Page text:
Calhoun Co. Sheriff Suspended By Court Order

A District Court judge granted a petition filed by the Calhoun County attorney Tuesday afternoon to suspend Sheriff Scott Anderson from office, effective immediately.

The order, granted in response to a petition for removal by County Attorney Tina Meth-Farrington, came after a closed session meeting with Calhoun County Supervisors Tuesday morning. It found that “sufficient cause appears from the verified allegations” to suspend Anderson for “willful misconduct or maladministration in office and for intoxication” pursuant to Iowa code.

The order named Deputy Jeff Feldhans as acting sheriff until a temporary sheriff can be appointed. Anderson’s salary as sheriff has also been suspended.

Anderson was arrested Saturday night after allegedly pinning a woman to a bed in his home and holding her by the neck, choking her as she gasped for air, according to a criminal complaint. Reports say it took six officers about nine minutes to handcuff him and drag him to the patrol car after he refused to cooperate with the arrest. The sheriff head-butted another officer in the process of the arrest, complaints said.

The sheriff, 51, pleaded not guilty to assault on persons of a certain occupation, a serious misdemeanor, over the phone Monday. The other charge, domestic abuse assault, a simple misdemeanor, was continued 180 days.

Meth-Farrington said the charges would be referred to either another county’s county attorney or the Attorney General’s office for prosecution, to avoid a conflict of interest.

“This action is not taken lightly or with malice,” Meth-Farrington said in a statement Tuesday after filing the petition. “Sheriff Anderson, through his recent actions, has lost the trust and respect of fellow law enforcement and the community at large and cannot effectively carry out his duties as sheriff of Calhoun County.”

A current order of protection filed from the domestic abuse assault charge legally prohibits the defendant from possessing firearms, as well — a significant component for law enforcement officers — since the relationship between Anderson and the victim qualified for the legal definition of “intimate partners.”

The county attorney said the petition for removal was the only means for removal the county had for this elected official. There is no provision in Iowa code to place an elected official on administrative leave like a merit-hired police officer or deputy.

“We could’ve done nothing, which wouldn’t have been a very good option,” said Calhoun County Supervisor Carl Legore of the only alternative. “(Iowa code) ties the hands of elected officials and what they can actually do, and how to remove them from office.”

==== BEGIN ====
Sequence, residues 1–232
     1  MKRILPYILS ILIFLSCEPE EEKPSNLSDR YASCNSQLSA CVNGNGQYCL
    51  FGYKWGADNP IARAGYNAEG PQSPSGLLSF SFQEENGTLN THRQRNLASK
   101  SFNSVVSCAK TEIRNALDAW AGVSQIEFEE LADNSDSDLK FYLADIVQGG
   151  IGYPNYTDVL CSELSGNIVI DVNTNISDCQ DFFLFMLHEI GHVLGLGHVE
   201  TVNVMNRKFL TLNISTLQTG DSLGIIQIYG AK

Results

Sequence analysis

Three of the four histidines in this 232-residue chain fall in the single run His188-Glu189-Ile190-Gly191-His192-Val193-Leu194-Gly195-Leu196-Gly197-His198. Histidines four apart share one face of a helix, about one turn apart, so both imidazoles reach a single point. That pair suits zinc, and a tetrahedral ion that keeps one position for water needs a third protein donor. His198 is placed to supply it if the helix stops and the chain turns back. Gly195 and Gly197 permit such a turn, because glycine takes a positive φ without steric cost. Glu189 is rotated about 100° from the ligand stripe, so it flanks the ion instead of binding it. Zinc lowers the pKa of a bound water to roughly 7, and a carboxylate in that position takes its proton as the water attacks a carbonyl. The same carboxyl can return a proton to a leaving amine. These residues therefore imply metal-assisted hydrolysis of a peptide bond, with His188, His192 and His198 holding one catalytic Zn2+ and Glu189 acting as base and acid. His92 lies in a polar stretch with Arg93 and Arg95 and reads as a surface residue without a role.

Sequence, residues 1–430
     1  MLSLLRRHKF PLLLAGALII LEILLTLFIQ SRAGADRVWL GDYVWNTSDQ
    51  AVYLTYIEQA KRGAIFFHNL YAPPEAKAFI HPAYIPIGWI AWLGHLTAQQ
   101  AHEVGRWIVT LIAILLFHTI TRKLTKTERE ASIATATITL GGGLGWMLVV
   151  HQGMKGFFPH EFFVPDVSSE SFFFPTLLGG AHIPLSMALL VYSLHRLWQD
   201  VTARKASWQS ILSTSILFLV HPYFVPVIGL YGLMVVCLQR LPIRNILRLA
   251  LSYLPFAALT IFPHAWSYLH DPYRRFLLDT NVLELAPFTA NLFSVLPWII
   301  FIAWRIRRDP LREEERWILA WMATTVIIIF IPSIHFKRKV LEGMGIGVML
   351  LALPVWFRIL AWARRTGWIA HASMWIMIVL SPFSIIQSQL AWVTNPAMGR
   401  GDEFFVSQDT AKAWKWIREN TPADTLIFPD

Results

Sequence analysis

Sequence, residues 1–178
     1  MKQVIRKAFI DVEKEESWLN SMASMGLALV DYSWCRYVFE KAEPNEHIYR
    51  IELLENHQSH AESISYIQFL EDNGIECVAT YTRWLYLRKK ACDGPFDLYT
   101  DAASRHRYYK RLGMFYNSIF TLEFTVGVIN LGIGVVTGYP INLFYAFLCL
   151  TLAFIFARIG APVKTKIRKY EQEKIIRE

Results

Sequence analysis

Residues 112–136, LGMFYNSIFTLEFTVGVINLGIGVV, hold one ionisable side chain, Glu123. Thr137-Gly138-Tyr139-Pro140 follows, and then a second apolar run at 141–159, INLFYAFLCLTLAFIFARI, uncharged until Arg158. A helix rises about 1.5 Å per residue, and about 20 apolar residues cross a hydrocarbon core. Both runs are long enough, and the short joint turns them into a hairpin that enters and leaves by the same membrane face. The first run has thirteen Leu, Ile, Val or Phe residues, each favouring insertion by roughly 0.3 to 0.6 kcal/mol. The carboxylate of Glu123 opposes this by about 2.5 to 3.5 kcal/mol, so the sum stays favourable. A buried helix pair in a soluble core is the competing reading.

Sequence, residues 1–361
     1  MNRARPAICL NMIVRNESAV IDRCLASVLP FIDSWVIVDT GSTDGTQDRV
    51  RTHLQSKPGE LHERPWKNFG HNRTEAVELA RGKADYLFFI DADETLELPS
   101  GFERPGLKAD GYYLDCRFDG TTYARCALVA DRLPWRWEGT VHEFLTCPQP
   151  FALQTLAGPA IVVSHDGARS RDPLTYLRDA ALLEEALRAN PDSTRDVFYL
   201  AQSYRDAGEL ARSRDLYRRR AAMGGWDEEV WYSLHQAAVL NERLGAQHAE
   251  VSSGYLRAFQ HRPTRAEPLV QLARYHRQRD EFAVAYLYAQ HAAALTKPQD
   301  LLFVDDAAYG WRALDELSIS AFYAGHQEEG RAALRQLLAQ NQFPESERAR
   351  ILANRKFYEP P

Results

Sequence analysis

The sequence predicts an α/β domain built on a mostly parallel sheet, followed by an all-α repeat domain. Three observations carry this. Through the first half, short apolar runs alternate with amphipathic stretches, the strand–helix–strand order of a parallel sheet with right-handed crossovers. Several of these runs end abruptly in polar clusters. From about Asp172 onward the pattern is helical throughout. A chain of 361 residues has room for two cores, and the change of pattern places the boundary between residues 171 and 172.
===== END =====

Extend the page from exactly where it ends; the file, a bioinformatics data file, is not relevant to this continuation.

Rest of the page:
He said that the decision to file the petition for removal was solely the county attorney’s, despite the closed session meeting on the matter before the decision was announced.

The county’s current troubles with the sheriff are comprised of two separate issues: the criminal charges that surfaced over the weekend and the sexual harassment allegations, filed by former dispatcher and civil clerk Tamara Swank, that supervisors have known about since mid-2019.

“What’s going forward now is because of what happened this (past) weekend,” he said.

Supervisors authorized the hire of outside legal counsel to investigate the sexual harassment allegations in August, after Swank’s second human resources complaint.

The firm handling that investigation, Ahlers and Cooney, P.C., of Des Moines, advised that “even if the allegations were 100% accurate, it did not rise to the level of misconduct necessary for removal from office under Iowa Code Section 66.1A.”

Though the process in motion may soon remove Anderson permanently, there is nothing legally barring Anderson from seeking office. He currently faces one opponent, Pat Riley. Anderson could not be reached for comment regarding the status of his campaign for re-election.

He was first appointed to fill 30-year veteran Bill Davis’ shoes in 2017 and elected in 2018.

The next step in the process to remove him from his post permanently will be a Calhoun County court hearing scheduled for April 27. The hearing has been scheduled by conference call due to standing orders from the Iowa Supreme Court regarding safety measures during the COVID-19 pandemic.


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